All About Vitamin B9

by | Jul 12, 2022 | Articles | 0 comments

The sixth of the b vitamins essential to our diet. Vitamin B9 is a water-soluble vitamin that is also known as folic acid and it acts as a coenzyme in the formation of heme and nucleotides. It is very important to get enough of this in our diets everyday and a good way to make sure we do is to follow the recommended daily intake.

The Recommended Daily Intake (RDI) of vitamin B9 for each age:

Infants

  • 0-6 months: 65 µg/day
  • 7-12 months: 85 µg/day

Children/Adults

  • 1-3 years: 150 µg/day
  • 4-8 years: 200 µg/day
  • 9-13 years: 300 µg/day
  • 14+ years: 400 µg/day

During Pregnancy

  • 14+ years: 600 µg/day

During Lactation

  • 14+ years: 500 µg/day

Vitamin B9 Toxicity

Intaking excessive amounts of vitamin B9 is not good for the body and can cause damage in some circumstances. Excessive vitamin B9 can cause general toxicity to the body as well as higher levels of carcinogenesis and possible unfavorable reproductive and development effects.

The upper limit of vitamin B9:

Infants

  • 0-12 months: not established as vitamin should only be coming from milk, formula, and food

Children/Teens

  • 1-3 years: 300 µg/day
  • 4-8 years: 400 µg/day
  • 9-13 years: 600 µg/day
  • 14-18 years: 800 µg/day

Adults

  • 19+ years: 1,000 µg/day

During Pregnancy and Lactatin

  • 14-18 years: 800 µg/day
  • 19+ years: 1,000 µg/day

Vitamin B9 Deficiency

A deficiency of vitamin B9 can be detrimental to your health and wellness. If you do believe you may be deficient, a symptom of deficiency includes anemia.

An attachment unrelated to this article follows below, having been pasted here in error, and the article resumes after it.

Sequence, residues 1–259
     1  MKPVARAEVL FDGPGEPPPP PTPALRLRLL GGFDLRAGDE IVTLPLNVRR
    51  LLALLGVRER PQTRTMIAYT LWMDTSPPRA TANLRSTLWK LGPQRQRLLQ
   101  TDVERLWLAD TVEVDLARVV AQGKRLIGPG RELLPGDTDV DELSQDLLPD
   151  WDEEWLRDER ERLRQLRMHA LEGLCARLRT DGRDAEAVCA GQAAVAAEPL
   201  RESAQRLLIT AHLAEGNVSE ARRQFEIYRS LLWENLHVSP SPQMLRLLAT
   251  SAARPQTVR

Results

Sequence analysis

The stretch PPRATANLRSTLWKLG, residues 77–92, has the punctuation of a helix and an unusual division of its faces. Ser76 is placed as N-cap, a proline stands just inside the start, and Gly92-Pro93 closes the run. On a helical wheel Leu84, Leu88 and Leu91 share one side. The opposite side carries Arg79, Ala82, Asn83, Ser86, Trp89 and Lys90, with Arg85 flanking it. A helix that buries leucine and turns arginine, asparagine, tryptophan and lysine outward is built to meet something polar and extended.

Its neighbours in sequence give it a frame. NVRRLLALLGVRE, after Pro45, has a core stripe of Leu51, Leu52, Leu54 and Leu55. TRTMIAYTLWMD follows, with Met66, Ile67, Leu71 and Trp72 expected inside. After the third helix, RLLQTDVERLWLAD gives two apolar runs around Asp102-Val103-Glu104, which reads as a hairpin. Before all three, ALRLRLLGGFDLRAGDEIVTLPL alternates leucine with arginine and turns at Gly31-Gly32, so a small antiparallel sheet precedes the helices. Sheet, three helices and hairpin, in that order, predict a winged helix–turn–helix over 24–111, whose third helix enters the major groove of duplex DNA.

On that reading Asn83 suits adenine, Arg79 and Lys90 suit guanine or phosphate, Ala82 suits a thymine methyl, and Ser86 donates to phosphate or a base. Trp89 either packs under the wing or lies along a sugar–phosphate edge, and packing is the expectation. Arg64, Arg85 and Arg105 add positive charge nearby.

Foods Containing Vitamin B9

It is best to consume your vitamin intake through natural food sources and you can also get help from high quality supplements such as a multivitamin.

Here is a list of foods and their Daily Values of vitamin B9.

Meat

  • Beef liver (braised, 3 oz) – 54% DV
  • Ground beef (85% lean, cooked, 3 oz) – 2% DV
  • Chicken breast (roasted, 3 oz) – 1% DV

Fish/Seafood

  • Crab (Dungeness, 3 oz) – 9% DV
  • Halibut (cooked, 3 oz) – 3% DV

Vegetables

  • Spinach (boiled, 1/2 cup) – 33% DV
  • Black-eyed peas (boiled, 1/2 cup) – 26% DV
  • Asparagus (boiled, 4 spears) – 22% DV
  • Brussels sprouts (frozen, boiled, 1/2 cup) – 20% DV
  • Lettuce (romaine, shredded, 1 cup) – 16% DV
  • Spinach (raw, 1 cup) – 15% DV
  • Broccoli (chopped, frozen, cooked, 1/2 cup) – 13% DV
  • Mustard greens (chopped, frozen, boiled, 1/2 cup) – 13% DV
  • Green peas (frozen, boiled, 1/2 cup) – 12% DV
  • Turnip greens (frozen, boiled, 1/2 cup) – 8% DV

Grains/Beans/Nuts

  • White rice (medium-grain, cooked, 1/2 cup) – 22% DV
  • Kidney beans (canned, 1/2 cup) – 12% DV
  • Peanuts (dry roasted, 1 oz) – 7% DV

Fruits

  • Avocado (raw, sliced, 1/2 cup) – 15% DV
  • Orange juice (3/4 cup) – 9% DV
  • Orange (fresh, 1 small) – 7% DV
  • Papaya (raw, cubed, 1/2 cup) – 7% DV
  • Banana (1 medium) – 6% DV
  • Cantaloupe (raw, cubed, 1/2 cup) – 4% DV

Other

  • Egg (whole, hard-boiled, 1 large) – 6% DV


To learn more in depth you can check out these websites for more information or even visit Dr.Brooke’s website!

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